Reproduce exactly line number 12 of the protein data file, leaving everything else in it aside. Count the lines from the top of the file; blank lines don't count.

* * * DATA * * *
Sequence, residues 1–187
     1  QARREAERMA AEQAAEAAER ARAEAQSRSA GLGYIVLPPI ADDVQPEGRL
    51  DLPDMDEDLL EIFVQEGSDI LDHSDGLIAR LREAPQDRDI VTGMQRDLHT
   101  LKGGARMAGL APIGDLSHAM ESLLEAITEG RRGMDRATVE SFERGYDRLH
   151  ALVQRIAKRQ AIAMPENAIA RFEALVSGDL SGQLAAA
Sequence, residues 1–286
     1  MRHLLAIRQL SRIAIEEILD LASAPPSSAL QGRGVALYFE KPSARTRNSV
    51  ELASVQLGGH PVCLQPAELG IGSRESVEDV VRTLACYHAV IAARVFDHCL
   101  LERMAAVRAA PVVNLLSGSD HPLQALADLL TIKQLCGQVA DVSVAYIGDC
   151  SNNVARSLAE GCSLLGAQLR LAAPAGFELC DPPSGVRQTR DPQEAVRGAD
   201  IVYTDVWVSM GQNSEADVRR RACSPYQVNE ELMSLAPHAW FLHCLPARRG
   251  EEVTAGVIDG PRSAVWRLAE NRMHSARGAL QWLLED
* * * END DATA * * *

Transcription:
   251  EEVTAGVIDG PRSAVWRLAE NRMHSARGAL QWLLED